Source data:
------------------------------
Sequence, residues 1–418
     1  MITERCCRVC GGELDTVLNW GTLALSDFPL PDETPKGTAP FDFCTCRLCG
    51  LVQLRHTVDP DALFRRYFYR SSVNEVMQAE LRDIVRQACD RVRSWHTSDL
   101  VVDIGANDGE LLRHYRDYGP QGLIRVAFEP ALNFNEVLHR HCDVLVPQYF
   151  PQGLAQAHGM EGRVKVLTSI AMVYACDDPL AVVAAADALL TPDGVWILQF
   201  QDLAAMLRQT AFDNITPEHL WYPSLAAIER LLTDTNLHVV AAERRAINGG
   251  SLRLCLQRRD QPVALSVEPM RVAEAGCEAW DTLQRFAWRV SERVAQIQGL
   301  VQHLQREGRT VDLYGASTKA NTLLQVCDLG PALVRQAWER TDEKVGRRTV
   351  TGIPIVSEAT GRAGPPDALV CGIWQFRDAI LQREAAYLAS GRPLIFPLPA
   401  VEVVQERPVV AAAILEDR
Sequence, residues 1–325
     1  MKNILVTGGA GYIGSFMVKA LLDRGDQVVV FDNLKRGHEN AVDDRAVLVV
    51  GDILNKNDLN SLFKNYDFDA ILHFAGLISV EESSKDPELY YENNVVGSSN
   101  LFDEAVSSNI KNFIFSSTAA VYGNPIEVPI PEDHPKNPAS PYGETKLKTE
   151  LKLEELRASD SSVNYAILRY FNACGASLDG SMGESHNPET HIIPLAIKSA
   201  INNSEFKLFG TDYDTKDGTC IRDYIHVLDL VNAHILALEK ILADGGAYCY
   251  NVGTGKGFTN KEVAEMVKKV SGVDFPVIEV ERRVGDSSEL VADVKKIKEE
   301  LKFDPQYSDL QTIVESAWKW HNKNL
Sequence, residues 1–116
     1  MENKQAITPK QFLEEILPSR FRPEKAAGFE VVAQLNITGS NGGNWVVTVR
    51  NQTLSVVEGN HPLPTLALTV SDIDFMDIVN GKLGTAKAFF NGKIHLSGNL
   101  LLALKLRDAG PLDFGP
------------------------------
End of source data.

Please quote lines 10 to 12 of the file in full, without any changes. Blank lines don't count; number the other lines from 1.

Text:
   401  VEVVQERPVV AAAILEDR
Sequence, residues 1–325
     1  MKNILVTGGA GYIGSFMVKA LLDRGDQVVV FDNLKRGHEN AVDDRAVLVV